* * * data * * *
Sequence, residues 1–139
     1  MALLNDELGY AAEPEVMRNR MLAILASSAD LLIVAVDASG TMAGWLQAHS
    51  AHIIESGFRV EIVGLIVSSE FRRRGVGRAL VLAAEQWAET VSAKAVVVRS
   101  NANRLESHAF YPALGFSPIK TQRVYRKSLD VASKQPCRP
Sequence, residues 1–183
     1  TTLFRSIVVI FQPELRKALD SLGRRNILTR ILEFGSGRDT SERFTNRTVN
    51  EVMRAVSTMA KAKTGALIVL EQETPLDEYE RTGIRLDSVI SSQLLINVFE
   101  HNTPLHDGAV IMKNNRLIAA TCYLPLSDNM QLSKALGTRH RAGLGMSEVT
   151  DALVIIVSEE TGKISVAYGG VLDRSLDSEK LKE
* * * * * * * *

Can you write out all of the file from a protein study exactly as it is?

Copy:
Sequence, residues 1–139
     1  MALLNDELGY AAEPEVMRNR MLAILASSAD LLIVAVDASG TMAGWLQAHS
    51  AHIIESGFRV EIVGLIVSSE FRRRGVGRAL VLAAEQWAET VSAKAVVVRS
   101  NANRLESHAF YPALGFSPIK TQRVYRKSLD VASKQPCRP
Sequence, residues 1–183
     1  TTLFRSIVVI FQPELRKALD SLGRRNILTR ILEFGSGRDT SERFTNRTVN
    51  EVMRAVSTMA KAKTGALIVL EQETPLDEYE RTGIRLDSVI SSQLLINVFE
   101  HNTPLHDGAV IMKNNRLIAA TCYLPLSDNM QLSKALGTRH RAGLGMSEVT
   151  DALVIIVSEE TGKISVAYGG VLDRSLDSEK LKE